I'm right at home in Suffolk towns

IN the third of his series looking at what makes Suffolk so special, PAUL GEATER profiles how the county's towns each have their own special character.

By Paul Geater

IN the third of his series looking at what makes Suffolk so special, PAUL GEATER profiles how the county's towns each have their own special character.

ALTHOUGH I've lived in Ipswich for more than 20 years and now think of this as my home town, my real roots are 25 miles to the north east.

The area around Leiston, Aldeburgh and Saxmundham still feels like home when I visit there - and it's an area of great contrasts.


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The three towns each have very different characters. Saxmundham is a traditional market town which grew up because of its position. It is on the main road from Lowestoft to Ipswich and London - and grew up because it was the mid-point and the ideal place to change horses on stage coaches.

The Bell Hotel is the local landmark, and next to that is the market place which has always been the busiest in the area. In days gone by farmers would bring their produce there. Now it is a magnet for market traders.

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Saxmundham retains it role as a busy transport hub into the 21st century. Although it has now been by-passed, the A12 remains very close to the town and Saxmundham remains one of the busiest stations on the East Suffolk passenger line - being used by passengers from Leiston, Aldeburgh and Framlingham as well.

I have a confession to make. I've never been a great fan of Aldeburgh. It's a bit too twee for its own good and I've never quite understood the attraction of it.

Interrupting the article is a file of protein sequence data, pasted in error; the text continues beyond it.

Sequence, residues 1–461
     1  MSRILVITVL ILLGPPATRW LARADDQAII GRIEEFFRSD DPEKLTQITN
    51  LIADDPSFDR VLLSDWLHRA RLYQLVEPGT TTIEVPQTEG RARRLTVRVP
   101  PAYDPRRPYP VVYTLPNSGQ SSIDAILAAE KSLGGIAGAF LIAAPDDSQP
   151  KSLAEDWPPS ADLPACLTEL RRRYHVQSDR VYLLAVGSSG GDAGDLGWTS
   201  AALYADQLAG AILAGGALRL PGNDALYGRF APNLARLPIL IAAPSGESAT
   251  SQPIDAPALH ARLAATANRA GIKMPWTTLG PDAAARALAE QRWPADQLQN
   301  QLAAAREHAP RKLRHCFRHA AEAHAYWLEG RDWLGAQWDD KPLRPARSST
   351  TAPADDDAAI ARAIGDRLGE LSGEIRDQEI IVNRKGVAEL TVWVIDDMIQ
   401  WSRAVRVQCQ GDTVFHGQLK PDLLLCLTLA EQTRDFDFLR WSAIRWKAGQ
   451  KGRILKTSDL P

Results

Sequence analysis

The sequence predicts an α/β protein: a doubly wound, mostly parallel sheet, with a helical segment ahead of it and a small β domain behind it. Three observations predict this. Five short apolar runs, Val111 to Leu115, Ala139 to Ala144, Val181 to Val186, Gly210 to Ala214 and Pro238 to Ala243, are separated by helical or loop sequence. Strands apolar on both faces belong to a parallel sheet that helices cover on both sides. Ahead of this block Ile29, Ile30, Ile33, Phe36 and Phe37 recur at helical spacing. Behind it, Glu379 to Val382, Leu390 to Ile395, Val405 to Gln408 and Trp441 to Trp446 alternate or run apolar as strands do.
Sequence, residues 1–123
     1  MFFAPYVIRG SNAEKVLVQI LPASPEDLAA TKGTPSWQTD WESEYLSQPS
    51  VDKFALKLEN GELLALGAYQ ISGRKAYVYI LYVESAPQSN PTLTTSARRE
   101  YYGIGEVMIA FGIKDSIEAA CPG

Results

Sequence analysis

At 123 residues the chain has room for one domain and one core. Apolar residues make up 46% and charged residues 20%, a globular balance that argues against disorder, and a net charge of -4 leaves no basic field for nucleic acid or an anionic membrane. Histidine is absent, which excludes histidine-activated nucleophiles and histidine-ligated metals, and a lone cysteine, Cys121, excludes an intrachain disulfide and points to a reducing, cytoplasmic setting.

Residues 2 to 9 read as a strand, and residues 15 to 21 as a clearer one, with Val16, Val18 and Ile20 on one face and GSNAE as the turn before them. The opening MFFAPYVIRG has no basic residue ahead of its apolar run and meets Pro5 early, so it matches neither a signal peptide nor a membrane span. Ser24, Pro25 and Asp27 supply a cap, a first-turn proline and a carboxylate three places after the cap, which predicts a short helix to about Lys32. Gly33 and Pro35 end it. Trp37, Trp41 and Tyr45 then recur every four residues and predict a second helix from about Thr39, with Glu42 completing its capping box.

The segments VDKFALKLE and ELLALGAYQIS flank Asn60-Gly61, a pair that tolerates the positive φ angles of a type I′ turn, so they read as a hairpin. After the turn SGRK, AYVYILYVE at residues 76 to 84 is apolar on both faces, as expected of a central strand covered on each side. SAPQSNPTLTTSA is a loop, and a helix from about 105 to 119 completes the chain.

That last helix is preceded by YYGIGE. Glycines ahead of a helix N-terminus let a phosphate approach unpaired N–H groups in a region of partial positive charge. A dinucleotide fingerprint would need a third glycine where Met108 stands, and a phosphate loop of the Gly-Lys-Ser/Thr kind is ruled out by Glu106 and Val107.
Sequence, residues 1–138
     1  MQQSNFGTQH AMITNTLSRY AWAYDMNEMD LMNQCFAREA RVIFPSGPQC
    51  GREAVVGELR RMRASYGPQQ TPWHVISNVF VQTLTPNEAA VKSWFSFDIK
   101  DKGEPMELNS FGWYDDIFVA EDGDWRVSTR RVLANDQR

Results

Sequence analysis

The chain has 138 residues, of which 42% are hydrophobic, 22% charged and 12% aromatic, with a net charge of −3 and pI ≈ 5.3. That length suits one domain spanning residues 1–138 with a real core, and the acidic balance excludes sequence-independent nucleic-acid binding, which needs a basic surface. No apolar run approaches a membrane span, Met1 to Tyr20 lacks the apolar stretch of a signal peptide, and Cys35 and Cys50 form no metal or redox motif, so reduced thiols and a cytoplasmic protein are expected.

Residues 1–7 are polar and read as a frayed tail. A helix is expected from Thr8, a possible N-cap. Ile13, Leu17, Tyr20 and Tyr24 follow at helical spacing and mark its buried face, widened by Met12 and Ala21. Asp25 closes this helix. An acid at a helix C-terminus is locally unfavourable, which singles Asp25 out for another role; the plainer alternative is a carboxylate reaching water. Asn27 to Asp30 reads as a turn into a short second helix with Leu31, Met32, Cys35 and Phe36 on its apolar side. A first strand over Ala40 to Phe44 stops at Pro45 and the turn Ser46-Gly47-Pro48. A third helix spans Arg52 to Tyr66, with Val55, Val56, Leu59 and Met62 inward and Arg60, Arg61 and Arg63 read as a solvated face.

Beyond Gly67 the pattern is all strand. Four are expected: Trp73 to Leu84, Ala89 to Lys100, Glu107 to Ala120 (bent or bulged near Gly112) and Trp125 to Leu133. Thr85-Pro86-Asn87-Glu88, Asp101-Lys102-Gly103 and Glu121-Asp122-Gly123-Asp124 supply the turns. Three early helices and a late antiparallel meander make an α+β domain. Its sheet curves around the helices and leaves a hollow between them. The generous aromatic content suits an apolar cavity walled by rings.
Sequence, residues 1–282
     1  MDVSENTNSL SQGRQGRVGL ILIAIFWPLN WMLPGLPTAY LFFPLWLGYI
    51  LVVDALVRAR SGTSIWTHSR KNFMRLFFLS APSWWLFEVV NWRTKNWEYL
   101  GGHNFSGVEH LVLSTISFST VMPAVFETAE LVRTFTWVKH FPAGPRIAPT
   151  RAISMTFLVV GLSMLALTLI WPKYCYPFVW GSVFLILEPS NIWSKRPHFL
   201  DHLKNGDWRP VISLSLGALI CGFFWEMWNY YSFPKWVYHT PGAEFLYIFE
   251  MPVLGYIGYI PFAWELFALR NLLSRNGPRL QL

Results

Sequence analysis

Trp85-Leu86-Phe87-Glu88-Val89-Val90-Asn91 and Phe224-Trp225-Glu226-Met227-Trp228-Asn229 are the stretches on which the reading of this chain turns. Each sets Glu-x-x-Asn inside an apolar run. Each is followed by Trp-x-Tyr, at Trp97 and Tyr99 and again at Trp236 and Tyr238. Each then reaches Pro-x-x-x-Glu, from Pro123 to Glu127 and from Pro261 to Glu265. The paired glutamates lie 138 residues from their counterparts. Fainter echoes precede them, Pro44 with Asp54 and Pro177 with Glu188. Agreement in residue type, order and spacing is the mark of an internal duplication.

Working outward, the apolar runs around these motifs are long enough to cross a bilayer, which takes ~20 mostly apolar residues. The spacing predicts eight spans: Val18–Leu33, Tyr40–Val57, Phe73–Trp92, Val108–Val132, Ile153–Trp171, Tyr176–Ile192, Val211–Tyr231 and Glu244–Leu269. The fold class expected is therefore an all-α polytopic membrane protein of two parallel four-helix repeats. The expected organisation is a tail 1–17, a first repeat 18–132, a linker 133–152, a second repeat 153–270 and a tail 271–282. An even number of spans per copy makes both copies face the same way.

The beach has never seen much sand, it's the coldest spot on the coast and it's been somewhat taken over by posh incomers who have priced native Suffolk people out of the town.

Having said that, it does provide a cultural magnet for the area - especially during the summer - as the spiritual home of the Aldeburgh Foundation and home to a fine cinema.

But of all the towns in the area, the one that I feel most comfortable in is Leiston - an honest, workmanlike place that has no pretensions of being a tourist trap but which has been at the forefront of new technology for two centuries.

Leiston has been described as a northern mill town transplanted into the middle of Suffolk. I know what the person who came up with that description means - it really doesn't fit in with the character of other towns and villages in the area but yet it somehow manages to be a focal point.

For more than a century it was home to Richard Garrett engineering which in its time made everything from implements which hastened the agricultural revolution, to steam engines which powered Victorian and Edwardian farming to industrial washing machines that you could find in launderettes across the country in the 1970s.

When Garretts fell into decline, the power stations at Sizewell provided jobs for people. Although it does have a few market stalls, Leiston has never been a traditional “market town” like its neighbours yet it still attracts residents from nearby villages as the main shopping centre for the area.

WHEN I was a child a visit to the north east of Suffolk was always an adventure.

The resorts of Southwold and Lowestoft are heaven for young children who love digging sandcastles.

Unlike the shingle beaches further down the coast, these resorts can provide hours of free fun on the beach - all you need is a bucket and spade. Ok, a packet of flags and enough cash for a couple of ice creams helps as well!

Southwold has a new landmark in the shape of its wonderful pier - it's given the whole town a new lease of life and made visits there a real delight over recent years.

What's more Southwold is home to the brewery which makes the best beer in the world!

So why do I have slightly mixed feelings about the place? The problem is that Southwold has become too fashionable as it's been discovered by the wealthy London set and transformed in the summer into Chelsea on sea - the same thing can be said of Walberswick on the other side of the River Blyth.

But if you do want to get away from Jocelyn and Persephone on the beach in mid-August it is still possible.